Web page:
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Alternative Positions Outside of the Wheelchair for Children

Michelle Lange, OTR/L, ABDA, ATP/SMS

April 15, 2023

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Question

What are the importance, goals, and disadvantages of alternative positions for pediatric wheelchair users?  

Answer

Most kids, especially those with complex needs, have more than one seating system and mobility base. They might have a lot of positioning equipment, filling up their home and garage. It is very important to look at a child's positioning 24 hours a day when evaluating him or her. I might work hard to develop the best seating system I can, along with a team for an individual child, but they might only be in it two or three hours a day. There are a lot of other hours that they could be in a very destructive posture. We don't want that to happen. So I need to go through all the equipment they have to make sure it's appropriate and that they're in a good position for most of their day and night.

So when working with young students, children may spend time outside of the wheelchair in other positions. This could be at home but also in the classroom. The classroom might have some of this equipment, but it's most likely generic because it's used with multiple children.

The goals of taking a child out of their primary seating system are to

  • Provide an alternative position to the wheelchair seating system to prevent range of motion losses from those sustained seated positions
  • Provide a position that perhaps places a child at a height for peer activities (with our younger kids, that's a lower height than their stroller or than their manual or power wheelchair)
  • Provide a "more comfortable" position. This is important because some alternative positions aren't that different than the wheelchair seating system. So if somebody's in an alternative seat, it might be an alternative to the wheelchair seat, but if the hips and knees are still flexed, it's not an alternative position, and that's not going to prevent range losses that are so common in the hips and knees. Unfortunately, many wheelchair users begin to look more and more and more like their wheelchair, like a seated position, and lose hip mobility into extension.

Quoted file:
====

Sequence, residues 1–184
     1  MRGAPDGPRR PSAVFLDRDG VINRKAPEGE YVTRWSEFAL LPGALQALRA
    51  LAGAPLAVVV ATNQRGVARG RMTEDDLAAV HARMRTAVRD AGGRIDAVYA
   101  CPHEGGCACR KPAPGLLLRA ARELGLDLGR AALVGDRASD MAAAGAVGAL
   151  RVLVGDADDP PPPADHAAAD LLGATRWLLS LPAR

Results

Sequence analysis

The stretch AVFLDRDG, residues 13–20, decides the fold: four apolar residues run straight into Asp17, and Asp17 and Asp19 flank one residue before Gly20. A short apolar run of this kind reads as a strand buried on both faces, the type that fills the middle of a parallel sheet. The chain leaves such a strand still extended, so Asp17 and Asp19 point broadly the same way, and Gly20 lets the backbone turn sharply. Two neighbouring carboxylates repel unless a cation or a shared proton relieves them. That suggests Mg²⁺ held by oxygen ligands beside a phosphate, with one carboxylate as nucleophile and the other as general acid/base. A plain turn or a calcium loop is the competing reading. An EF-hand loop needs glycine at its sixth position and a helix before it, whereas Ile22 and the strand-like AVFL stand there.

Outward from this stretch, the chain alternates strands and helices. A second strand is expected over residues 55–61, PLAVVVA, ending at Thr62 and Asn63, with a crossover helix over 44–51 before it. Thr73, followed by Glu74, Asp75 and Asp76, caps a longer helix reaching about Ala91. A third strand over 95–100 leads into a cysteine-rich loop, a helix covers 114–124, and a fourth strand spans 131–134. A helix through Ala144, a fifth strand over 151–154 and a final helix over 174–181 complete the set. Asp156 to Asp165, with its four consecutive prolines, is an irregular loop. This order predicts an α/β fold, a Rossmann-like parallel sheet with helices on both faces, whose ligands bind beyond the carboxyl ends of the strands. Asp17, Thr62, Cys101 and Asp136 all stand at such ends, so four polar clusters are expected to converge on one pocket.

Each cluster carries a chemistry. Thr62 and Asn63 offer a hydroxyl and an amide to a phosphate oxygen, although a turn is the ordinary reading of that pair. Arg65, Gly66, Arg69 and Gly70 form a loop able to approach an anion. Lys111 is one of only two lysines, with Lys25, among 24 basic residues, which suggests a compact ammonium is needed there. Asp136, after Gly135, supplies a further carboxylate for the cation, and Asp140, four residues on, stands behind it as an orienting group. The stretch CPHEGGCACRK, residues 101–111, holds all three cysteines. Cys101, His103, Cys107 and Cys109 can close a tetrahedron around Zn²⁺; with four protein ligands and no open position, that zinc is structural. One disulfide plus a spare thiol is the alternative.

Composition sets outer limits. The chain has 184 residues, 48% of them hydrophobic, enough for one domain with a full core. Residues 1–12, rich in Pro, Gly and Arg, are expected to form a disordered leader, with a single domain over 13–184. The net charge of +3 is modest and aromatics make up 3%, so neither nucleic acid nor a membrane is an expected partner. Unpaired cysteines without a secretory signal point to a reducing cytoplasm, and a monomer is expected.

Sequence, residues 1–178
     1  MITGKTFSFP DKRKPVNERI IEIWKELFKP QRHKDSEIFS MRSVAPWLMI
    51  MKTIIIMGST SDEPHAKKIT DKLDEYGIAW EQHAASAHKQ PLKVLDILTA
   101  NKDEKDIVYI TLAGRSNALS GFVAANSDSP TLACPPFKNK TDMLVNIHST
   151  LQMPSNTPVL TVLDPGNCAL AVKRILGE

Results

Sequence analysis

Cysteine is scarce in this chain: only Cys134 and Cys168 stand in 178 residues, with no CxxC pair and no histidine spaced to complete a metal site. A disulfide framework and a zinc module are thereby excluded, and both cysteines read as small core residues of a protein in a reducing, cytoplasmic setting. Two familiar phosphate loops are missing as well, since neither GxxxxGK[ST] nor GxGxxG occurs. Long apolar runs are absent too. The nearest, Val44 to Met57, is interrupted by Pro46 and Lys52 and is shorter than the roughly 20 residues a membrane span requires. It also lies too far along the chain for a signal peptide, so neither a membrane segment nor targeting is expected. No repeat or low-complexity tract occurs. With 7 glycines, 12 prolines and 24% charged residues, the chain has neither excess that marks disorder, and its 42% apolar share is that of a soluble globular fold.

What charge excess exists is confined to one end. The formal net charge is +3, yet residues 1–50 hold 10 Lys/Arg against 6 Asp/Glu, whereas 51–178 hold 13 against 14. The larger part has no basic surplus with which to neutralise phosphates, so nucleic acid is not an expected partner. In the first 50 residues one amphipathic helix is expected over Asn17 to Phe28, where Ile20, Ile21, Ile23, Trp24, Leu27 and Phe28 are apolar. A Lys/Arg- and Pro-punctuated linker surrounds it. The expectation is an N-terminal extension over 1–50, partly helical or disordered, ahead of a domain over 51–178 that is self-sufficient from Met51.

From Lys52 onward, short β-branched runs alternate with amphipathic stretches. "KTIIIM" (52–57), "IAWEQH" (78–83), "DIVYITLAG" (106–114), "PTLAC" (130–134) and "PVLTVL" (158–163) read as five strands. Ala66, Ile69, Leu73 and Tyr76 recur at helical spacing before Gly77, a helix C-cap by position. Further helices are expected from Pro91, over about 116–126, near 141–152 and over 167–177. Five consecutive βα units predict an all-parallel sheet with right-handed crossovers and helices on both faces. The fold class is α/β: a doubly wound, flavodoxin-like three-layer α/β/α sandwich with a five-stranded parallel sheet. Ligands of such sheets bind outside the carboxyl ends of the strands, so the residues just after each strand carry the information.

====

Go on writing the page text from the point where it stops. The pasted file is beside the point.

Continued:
Disadvantages of alternative positioning systems include

  • No generic positioning system will provide as much support as a custom-made seating system to meet an individual's specific needs. 
  • An alternative seating system will not prevent range losses seen from prolonged seating in the wheelchair seating system.
  • Less support can mean less function for a client, and less support may mean less postural support to keep someone aligned, which can lead to someone assuming and maintaining more destructive postures.

It is important to analyze if the alternative position is doing more harm than good. Remember, the student may not be able to function / access as well in the alternative system. It may be best to use this during more passive activities. Optimal position is key to limiting loss of range of motion, orthopedic changes, facilitating function, and access to assistive tech optimizing vision, breathing, and swallowing. 

This Ask the Expert is an edited excerpt from the course 4670 Wheelchair Seating For The Pediatric Population by Michelle Lange, OTR/L, ABDA, ATP/SMS

 


michelle lange

Michelle Lange, OTR/L, ABDA, ATP/SMS

Michelle Lange is an occupational therapist with over 35 years of experience and has been in private practice, at Access to Independence for over 15 years. She is a well-respected lecturer, both nationally and internationally, and has authored numerous texts, chapters, and articles. She is the co-editor of Seating and Wheeled Mobility: a clinical resource guide. She is the former NRRTS Continuing Education Curriculum Coordinator and Clinical Editor of NRRTS Directions magazine. Michelle is a RESNA Fellow and member of the Clinician Task Force. Michelle is a RESNA certified ATP and SMS.